The Tangent – A Place in the Queue (2006)

Tangent_PlaceQueue4 out of 5 Stars!

With guitarist Roine Stolt being involved with The Tangent in its formative years, this U.K. group at first seemed to me merely an offshoot of The Flower Kings, with the music being similar in many instances and just as engaging.

Yet, because of the jazzier passages that appear within many of its songs, The Tangent (expertly grounded and guided since its formation by keyboardist/vocalist Andy Tillison) occasionally seemed more influenced by the Canterbury Prog style as opposed to the Symphonic Prog style of, for example, groups such as Yes.

Regardless, A Place in the Queue (the band’s third studio release, and the first without Stolt on guitar) is a diverse collection of tracks. Most of the longer songs, such as “GPS Culture” or “Follow Your Leaders,” and the twenty-minute “In Earnest” as well as the twenty-five-minute “A Place in the Queue,” contain so many musical styles—from Symphonic Prog to Progressive Folk to Jazz-Rock to even a trace of Avant-Prog—it’s like musical whiplash trying to keep track of all the shifting sections and styles within each tune.

Then, on songs such as “Lost in London” and “DIY Surgery,” thanks mainly to the more prominent flutes and saxes plus the quirky nature of Tillison’s vocals, groups such as Caravan or Hatfield and the North pop into mind more frequently. But again, even the shorter tracks include passages with varied styles, so its always difficult to pinpoint specific outside influences for any one track, meaning that The Tangent (especially thanks to Tillison’s distinctive vocals and keyboard artistry) has developed a signature sound all its own.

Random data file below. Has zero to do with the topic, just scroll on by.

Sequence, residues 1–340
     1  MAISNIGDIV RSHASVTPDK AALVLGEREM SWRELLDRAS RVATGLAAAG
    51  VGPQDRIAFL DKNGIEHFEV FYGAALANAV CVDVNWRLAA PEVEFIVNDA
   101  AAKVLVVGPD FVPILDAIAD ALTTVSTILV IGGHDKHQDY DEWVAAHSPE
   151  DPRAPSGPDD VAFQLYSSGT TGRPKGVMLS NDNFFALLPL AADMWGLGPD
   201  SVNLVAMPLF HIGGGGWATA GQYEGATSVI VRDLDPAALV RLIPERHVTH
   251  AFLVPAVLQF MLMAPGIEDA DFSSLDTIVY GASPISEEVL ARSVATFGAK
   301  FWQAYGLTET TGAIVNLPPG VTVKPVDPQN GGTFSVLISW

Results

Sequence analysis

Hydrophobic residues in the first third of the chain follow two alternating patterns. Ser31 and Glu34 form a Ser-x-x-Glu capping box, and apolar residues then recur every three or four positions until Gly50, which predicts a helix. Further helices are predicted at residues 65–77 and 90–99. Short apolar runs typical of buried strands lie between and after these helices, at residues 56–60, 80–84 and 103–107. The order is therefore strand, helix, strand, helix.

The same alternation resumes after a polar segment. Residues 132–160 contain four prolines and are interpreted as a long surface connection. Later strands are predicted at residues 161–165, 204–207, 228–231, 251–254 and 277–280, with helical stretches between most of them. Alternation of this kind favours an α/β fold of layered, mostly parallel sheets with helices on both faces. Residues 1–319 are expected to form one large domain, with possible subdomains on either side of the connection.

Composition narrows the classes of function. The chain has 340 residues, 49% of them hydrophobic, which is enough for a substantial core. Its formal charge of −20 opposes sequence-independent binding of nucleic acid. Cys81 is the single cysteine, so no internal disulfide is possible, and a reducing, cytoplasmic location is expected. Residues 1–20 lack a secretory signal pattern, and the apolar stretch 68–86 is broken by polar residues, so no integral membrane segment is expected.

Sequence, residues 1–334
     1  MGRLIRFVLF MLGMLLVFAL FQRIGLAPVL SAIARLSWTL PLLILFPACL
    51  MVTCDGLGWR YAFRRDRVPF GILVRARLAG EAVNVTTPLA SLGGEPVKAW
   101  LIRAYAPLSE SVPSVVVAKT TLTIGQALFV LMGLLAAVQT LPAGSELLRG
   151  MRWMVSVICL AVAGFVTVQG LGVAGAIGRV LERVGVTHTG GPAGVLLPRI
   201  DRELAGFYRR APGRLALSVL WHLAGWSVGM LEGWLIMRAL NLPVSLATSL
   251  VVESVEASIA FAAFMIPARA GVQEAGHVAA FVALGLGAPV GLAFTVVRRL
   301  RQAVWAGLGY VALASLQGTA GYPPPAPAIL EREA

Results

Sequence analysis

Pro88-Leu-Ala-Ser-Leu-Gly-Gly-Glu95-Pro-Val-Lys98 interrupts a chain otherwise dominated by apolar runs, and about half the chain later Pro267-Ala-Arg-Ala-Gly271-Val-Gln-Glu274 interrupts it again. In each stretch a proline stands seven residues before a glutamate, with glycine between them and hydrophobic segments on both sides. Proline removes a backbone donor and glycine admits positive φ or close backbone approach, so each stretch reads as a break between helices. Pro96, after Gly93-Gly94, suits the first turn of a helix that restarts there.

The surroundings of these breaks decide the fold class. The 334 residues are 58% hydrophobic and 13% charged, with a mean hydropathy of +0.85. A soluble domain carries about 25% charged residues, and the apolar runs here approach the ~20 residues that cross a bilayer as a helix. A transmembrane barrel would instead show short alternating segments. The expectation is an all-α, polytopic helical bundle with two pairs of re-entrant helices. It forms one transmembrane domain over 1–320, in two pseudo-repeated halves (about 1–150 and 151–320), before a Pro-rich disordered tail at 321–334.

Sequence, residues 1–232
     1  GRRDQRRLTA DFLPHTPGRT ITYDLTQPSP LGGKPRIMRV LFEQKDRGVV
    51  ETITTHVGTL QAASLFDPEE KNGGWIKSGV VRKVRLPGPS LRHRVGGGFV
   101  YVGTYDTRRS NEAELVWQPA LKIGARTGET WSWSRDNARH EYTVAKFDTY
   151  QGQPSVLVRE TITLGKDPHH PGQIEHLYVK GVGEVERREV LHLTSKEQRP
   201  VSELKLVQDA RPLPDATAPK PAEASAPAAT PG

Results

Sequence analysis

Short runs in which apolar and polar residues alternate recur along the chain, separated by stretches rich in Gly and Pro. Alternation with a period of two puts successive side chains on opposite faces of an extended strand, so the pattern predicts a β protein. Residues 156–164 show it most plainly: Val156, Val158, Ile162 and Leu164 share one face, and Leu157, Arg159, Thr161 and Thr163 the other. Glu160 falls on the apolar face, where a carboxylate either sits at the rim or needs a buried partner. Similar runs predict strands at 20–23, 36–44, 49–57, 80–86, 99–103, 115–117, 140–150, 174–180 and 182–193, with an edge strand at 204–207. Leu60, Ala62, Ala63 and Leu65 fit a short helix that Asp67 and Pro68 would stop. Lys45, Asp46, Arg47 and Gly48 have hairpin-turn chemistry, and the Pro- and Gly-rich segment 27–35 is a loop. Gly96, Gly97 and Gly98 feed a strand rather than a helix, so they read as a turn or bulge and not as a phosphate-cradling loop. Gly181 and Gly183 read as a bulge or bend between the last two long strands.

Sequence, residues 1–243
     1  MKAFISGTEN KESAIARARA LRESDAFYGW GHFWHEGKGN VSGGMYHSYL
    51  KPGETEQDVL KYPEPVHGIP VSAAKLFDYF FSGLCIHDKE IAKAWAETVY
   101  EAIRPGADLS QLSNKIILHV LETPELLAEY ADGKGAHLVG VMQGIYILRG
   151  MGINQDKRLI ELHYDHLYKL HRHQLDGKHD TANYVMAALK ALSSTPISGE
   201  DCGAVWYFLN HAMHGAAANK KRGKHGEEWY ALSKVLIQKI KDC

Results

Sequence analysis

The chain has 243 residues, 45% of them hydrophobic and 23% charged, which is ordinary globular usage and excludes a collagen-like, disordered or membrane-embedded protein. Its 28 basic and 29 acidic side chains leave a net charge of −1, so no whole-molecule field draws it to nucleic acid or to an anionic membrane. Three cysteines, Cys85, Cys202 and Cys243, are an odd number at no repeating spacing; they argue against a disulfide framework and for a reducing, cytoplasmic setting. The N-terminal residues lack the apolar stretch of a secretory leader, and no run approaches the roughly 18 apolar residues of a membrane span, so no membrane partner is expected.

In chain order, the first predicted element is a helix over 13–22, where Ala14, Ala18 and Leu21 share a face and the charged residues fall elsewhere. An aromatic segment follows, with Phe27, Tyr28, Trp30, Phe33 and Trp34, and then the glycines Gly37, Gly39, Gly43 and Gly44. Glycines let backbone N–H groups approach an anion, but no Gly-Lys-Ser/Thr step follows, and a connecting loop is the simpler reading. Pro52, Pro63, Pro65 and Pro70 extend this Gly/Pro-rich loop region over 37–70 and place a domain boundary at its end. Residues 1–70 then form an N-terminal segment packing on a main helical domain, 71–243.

So let’s just say that fans of acts such as The Flower Kings, Yes, Spock’s Beard, and Gentle Giant, for example, as well as the aforementioned Canterbury Prog groups will certainly appreciate much of the material on offer here. Indeed, A Place in the Queue will likely appeal to most Prog-Rock fans seeking beautiful melodies, song-arrangement complexity, and adept musicianship.

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